I recently purchased rights to the domain name, Crafterdays, and bought a hosting plan from I was excited to start a commercial website where I can sell my hand-spun yarn and craft DVD's. I would eventually like to open a craft school, but for now, while I'm teaching in a public school, there's no time or money for that. I'm going to try producing the craft DVD's as instructional programs that people can purchase for a relatively low price and will be able to use again and again.
I had another website in the recent past with yahoo, but really didn't have the time to devote to developing it, so let it expire. In this economy, any venture like this is a risk, so I looked around and felt the prices for godaddy were probably the best.
Well, I was always told that you get what you pay for. Why is my hindsight always sharper? I dove in with both feet. I signed up for the domain,, .net, and .org. I felt smug that I'd purchased these three domains and could corner the market on this name. I found out later that instead of selling me these rights for a year, they'd sold me for two years. They kindly offered to sell me the other two, .net and .org, for an extra forty dollars plus. I said no thank you. I was told it might have been a shopping cart malfunction, but there was nothing they could do to change this. If I actually get traffic flowing on the site, maybe I'll break down and purchase these as well. They do have the lowest prices on domain names, but right now, I'd almost rather pay someone else a little more. Who knows, the "shopping cart" may malfunction again and I'll end up signing over both cats and my husband for a ten-year plan.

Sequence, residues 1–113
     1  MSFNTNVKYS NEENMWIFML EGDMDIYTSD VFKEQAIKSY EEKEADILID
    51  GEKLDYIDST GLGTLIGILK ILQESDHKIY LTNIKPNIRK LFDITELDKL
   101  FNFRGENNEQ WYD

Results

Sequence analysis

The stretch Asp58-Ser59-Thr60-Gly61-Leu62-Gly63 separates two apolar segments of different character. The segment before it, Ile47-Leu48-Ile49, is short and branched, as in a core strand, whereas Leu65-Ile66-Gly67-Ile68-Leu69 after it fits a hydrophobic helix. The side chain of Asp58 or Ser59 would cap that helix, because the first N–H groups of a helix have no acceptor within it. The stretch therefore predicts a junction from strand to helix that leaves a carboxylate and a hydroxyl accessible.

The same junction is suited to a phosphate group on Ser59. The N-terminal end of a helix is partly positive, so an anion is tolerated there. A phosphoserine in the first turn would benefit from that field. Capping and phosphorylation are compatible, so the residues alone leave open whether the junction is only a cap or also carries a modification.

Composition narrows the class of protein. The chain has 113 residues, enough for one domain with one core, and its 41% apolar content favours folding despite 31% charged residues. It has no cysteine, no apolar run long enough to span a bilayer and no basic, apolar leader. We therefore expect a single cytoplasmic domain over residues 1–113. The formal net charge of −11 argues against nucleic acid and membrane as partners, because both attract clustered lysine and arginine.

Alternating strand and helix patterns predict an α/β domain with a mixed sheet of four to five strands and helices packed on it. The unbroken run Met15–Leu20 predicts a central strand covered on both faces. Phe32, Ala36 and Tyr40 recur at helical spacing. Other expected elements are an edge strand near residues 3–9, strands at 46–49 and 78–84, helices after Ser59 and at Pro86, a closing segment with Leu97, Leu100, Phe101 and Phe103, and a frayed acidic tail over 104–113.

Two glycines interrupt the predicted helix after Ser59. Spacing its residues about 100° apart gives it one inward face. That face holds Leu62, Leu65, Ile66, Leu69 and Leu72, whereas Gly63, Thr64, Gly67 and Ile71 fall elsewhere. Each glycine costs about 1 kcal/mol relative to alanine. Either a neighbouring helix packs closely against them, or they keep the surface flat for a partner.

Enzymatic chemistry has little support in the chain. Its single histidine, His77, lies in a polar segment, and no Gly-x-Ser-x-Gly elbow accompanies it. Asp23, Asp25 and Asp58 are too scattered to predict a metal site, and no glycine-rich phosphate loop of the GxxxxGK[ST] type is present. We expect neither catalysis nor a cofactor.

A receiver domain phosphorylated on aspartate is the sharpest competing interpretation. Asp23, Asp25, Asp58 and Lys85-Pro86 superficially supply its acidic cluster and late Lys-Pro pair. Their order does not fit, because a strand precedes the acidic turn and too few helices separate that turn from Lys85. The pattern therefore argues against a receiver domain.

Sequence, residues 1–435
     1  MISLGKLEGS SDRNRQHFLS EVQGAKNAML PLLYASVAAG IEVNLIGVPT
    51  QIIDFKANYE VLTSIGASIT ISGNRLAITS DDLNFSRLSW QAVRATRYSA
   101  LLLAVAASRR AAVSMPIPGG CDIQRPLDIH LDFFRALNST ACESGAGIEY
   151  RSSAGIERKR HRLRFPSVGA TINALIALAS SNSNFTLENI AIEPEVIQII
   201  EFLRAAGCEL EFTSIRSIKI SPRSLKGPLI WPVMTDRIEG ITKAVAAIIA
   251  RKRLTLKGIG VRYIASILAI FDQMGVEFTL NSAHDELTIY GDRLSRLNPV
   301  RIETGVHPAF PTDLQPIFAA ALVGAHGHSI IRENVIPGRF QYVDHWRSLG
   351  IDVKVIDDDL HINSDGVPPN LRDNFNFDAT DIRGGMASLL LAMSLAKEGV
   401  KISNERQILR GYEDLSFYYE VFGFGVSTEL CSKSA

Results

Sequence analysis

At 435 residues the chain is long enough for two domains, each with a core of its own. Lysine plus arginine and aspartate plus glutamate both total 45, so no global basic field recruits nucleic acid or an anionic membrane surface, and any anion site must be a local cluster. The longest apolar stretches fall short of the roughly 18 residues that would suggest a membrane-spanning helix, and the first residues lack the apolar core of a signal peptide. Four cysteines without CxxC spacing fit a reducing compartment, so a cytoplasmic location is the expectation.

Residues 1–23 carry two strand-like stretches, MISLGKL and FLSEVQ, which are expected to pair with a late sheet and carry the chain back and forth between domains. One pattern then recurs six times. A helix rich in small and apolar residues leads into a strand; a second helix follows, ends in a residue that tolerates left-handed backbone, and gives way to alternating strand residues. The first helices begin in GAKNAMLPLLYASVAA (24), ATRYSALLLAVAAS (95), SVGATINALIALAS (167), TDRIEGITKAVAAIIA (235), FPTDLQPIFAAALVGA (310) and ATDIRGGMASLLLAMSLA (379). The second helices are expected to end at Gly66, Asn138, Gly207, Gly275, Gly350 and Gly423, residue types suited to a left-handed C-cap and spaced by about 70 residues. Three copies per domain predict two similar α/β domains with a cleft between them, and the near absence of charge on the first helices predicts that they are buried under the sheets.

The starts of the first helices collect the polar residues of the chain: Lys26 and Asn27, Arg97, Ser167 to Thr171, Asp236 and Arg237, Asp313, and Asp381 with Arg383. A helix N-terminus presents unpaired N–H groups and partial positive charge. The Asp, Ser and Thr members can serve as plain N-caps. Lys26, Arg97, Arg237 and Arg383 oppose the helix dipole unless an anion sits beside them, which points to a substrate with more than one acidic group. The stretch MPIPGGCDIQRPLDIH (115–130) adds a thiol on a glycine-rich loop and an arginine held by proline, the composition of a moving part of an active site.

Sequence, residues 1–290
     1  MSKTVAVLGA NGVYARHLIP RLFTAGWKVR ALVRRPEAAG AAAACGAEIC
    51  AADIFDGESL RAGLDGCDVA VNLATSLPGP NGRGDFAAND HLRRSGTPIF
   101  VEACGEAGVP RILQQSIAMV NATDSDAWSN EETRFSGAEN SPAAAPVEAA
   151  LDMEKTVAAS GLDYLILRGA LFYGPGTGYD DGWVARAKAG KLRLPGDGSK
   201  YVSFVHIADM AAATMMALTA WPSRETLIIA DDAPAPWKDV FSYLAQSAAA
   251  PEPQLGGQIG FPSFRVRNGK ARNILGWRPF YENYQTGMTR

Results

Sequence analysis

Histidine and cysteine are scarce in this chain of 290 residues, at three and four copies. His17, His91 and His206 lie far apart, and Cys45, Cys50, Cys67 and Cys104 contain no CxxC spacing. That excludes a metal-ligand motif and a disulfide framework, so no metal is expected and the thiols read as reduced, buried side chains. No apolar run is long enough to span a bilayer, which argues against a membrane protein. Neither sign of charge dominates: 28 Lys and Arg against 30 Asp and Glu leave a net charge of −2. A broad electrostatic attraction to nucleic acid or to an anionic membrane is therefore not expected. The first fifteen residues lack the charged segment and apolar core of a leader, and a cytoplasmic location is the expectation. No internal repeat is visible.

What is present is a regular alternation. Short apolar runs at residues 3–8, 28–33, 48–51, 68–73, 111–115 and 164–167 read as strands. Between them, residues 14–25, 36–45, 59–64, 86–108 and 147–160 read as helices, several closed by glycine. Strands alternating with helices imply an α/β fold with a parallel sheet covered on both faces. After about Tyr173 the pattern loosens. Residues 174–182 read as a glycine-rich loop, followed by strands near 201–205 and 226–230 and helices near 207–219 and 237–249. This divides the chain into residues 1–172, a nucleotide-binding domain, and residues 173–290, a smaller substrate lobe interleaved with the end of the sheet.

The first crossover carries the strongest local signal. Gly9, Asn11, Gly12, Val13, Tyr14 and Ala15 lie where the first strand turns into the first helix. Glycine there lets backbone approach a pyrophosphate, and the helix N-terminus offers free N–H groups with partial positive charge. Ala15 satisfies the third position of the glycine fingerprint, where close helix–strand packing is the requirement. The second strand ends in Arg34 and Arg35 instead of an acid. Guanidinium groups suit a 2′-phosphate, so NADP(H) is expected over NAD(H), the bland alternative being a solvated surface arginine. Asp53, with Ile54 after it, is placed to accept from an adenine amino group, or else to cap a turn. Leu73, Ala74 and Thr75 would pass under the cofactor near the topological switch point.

I will say the telephone operators are very friendly. When I first signed up for my hosting site, I accidentally signed up for the one where I would create the entire site from scratch with html. Okay, I can struggle through some html, and have taken courses on website creation, but it is a chore. The nice man on the phone graciously switched me to the Website Tonight which has templates. The selection is limited, but I found one I can live with. As I explained to him, their website is quite "complicated." I could do with a little more direct information and a lot less commercial gobbledygook and Danica what's-her-name commercials. I guess that pulls in the fifteen- to eighteen-year-olds.